Dr. Gray's Straight Talk

Honest and blunt healthcare discussion and advice.

Carbs Are Not Necessarily The Enemy

Posted by Dr. Gray on Thursday, August 13, 2009

Article by Dr. Josh Sonsiadek:

Ever since I have studied Nutrition and Biochemistry this has been the subject that has generated the most arguments without a doubt. I have patients that come up to me all the time and tell me that they are going to stop eating carbs so they can shed weight. Many diet programs advocate that you don’t eat carbs, and it’s true that is one way to lose a lot of weight in a hurry.

No-carb diets allow patients to shed weight quickly because for every gram of carbohydrate we consume, we store 3 grams of water. Storing water is a good thing because it keeps us hydrated and satiated (full). The problem with no-carb diets is that it is like taking a sponge and wringing the water out. You lose water weight, but as soon as you eat carbs again – and everyone does because you need the energy and can only go so long without them – then the sponge will fill up with water again. Unfortunately the weight will just come back on as quickly as it came off. That is not the only problem… no-carb diets may leave your body deficient in many vitamins and minerals not to mention fiber.

The real enemy is not the carbs themselves, but may be in the timing and amount in which we consume them. To understand this we must look at how carbohydrates are utilized and metabolized by the body. Unlike fat stores, which can expand to an infinite level, your stored glycogen levels (stored form of carbs in your muscles) has a limit on its capacity. A good example of this would be the gas tank in your car. If your car has a 20 gallon gas tank and you put in 30 the extra 10 would just spill to the ground. Well that is the same with carbohydrates and your muscle’s ability to store glycogen. So the problem is not the carbs, it is the storage capacity of your muscles to store extra glycogen. If you have excess carbs they overflow to the bloodstream then into the liver, and then these extra carbs get converted to fat. The other thing that happens with eating excess carbs is that it raises your blood levels of a very important hormone known as insulin. When the glycogen tank is full, insulin will put both your muscle and your fat cells in growth mode. Not so bad for your muscles, but terrible for the belly.

Low glycogen levels which can be achieved with the correct eating strategies and exercise, changes your body’s response to insulin. Insulin will still signal the body to make muscle, but shuts off fat cell growth. What essentially is done is that your body tries to work on refilling the glycogen tank. If the glycogen tank is not full then insulin can’t command the fat cells to grow. When the glycogen tank is not full the body is also forced to turn fat into the body’s primary fuel source and you begin to burn fat cells.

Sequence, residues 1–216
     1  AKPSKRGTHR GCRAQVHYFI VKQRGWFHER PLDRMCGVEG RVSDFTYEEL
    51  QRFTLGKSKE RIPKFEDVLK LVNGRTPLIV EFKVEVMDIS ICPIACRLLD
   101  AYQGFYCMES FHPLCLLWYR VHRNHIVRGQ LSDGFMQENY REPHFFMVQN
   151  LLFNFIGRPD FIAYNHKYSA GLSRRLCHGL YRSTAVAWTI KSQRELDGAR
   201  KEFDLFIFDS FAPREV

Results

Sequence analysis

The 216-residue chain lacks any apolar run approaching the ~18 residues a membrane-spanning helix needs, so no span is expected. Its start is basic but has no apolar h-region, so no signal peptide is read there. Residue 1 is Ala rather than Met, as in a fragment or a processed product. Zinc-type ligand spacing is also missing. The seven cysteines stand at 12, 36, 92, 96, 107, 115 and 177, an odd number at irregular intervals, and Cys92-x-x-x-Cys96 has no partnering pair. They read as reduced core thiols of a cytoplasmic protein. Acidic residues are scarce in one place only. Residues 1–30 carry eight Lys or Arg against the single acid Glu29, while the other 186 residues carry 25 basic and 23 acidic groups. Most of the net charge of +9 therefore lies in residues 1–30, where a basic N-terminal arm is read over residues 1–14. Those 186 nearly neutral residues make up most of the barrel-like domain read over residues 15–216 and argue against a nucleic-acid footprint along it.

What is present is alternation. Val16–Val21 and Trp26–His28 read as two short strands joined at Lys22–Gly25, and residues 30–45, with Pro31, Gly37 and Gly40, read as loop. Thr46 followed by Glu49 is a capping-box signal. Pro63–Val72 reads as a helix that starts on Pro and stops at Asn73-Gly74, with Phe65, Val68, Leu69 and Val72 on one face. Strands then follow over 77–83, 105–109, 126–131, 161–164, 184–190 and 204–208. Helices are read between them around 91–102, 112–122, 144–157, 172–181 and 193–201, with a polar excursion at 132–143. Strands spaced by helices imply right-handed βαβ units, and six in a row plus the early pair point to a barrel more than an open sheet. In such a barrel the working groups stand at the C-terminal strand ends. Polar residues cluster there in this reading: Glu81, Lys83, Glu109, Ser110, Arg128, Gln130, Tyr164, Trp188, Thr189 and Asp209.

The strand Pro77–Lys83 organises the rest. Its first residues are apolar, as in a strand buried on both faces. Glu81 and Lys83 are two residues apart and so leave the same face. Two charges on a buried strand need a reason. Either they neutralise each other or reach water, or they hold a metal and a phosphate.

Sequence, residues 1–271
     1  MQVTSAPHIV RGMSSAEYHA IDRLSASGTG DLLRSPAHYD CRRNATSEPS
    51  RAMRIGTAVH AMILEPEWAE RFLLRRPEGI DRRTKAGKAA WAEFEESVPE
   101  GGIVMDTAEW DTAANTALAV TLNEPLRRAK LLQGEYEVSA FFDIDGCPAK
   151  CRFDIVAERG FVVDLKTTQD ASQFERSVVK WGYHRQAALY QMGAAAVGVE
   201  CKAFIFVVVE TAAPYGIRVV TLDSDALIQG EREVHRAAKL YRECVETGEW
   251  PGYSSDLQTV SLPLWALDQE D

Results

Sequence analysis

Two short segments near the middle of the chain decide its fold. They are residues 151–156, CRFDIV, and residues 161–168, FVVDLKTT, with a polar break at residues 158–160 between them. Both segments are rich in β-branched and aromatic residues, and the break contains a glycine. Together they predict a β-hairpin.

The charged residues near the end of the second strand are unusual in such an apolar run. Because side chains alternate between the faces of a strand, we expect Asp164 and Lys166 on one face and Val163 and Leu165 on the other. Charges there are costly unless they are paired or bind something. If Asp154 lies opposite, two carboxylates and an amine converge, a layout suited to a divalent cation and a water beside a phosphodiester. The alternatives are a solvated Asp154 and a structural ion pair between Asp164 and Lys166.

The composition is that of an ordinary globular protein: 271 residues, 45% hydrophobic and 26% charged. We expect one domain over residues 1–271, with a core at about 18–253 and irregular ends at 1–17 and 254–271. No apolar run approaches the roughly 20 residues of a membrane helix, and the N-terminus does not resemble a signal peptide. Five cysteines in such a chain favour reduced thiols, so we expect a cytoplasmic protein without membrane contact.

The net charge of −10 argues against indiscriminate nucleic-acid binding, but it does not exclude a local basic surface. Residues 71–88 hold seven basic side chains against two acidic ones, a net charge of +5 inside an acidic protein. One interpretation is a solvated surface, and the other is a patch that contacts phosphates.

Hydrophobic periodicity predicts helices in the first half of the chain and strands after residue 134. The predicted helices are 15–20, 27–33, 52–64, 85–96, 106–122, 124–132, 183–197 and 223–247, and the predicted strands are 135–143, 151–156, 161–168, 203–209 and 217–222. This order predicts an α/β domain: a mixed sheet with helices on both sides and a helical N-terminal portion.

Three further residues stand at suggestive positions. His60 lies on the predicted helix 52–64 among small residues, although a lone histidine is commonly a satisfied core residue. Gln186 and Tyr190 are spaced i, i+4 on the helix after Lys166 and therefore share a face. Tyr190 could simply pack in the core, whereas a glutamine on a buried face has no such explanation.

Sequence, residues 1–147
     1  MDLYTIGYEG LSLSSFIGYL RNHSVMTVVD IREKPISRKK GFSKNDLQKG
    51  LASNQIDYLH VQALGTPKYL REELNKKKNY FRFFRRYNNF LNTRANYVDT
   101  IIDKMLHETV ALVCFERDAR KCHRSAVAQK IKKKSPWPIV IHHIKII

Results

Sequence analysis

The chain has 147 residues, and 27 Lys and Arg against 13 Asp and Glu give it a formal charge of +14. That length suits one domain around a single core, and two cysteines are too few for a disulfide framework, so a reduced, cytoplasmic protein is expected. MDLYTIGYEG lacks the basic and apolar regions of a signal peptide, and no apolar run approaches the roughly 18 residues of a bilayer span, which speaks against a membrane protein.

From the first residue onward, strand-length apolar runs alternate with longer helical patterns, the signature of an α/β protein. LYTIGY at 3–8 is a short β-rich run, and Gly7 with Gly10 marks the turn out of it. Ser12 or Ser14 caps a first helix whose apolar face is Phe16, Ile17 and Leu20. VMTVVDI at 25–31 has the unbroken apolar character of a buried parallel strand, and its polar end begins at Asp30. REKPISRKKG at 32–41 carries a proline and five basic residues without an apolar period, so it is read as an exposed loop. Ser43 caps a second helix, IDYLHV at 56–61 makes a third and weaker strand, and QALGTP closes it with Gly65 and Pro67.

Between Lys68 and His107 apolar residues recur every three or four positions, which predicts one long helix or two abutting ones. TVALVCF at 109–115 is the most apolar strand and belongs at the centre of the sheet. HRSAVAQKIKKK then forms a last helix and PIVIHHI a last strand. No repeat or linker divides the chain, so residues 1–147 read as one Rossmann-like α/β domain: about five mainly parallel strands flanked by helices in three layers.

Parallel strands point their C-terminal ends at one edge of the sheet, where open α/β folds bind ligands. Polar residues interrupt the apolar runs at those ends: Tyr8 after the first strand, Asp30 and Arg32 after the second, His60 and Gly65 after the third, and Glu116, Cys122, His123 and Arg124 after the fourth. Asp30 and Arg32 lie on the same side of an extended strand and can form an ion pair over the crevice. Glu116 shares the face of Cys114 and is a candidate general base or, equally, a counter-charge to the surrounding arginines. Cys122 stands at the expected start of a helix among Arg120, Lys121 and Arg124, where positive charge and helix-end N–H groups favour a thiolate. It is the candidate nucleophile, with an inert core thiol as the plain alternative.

How do we keep track of all this stuff? Remember that eating carbs is not the problem, it is the timing and amount in which the carbs are consumed. If you eat when the glycogen tank is full then insulin will cause fat cells to grow. If you keep glycogen levels low then insulin will be constantly trying to replenish the tank, and this allows us to burn fat cells. This is done not through a no-carb diet , but it is done through a low-carb diet. The benefits of lower carb diets is that it tends to speed fat loss, regulates appetite, and decreases rate of heart disease.

This approach may not work for everyone. Certain endurance athletes may need more carb intake than others.

*This note is for educational purposes only. Before taking on any types of dietary changes please consult your physician*

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2 Responses to “Carbs Are Not Necessarily The Enemy”

  1. Jadalyn said

    So if I do a lot of physical exercise, how many carbs should I be eating? How do I know what amount to eat, and when?

    Great article Dr Josh.

  2. Dr. Josh Sonsiadek said

    Jade that is a great questions. The first thing that you want to be aware of is the type of carbs you are consuming. 20 grams of cotton candy are not the same as getting 20 grams of carbs from say a high fiber source such as broccoli. The difference is the rate at which these carbs are absorbed into the bloodstream. Pure sugar such as cotton candy spike insulin levels drastically, so it will tend to overflow that tank. This turns on insulin which causes the fat cells to grow. Now the carbs from a high fiber source, such as the broccoli will be absorbed into the bloodstream at a much slower rate therefore regulating the insulin better. Now as far as how much to eat, I use the guideline of about a handful to measure my carbs. I also like to select whole grain or whole wheat for my breads and pastas. The body tends to absorb these better than say white flour products. As far as when to eat, that is quite simple. It is better to eat more times per day, but in smaller portions to keep the insulin levels regulated. A sample eating plan for the day may look something like this: (1) eggwhite omelette with 1 pc of whole wheat toast, (2)protein shake, (3) turkey sandwhich on whole wheat bread with romaine letteuce and slice of tomato, (4) mid-after noon snack low fat cottage cheese with apple slices, (5) dinner 1 portion of brown rice, broccoli, and salmon filet, and (6)protein shake. These meals are set about 2.5 to 3 hrs apart. I plan on posting examples of healthy meals in the upcoming weeks, so look for those.

    Dr. J

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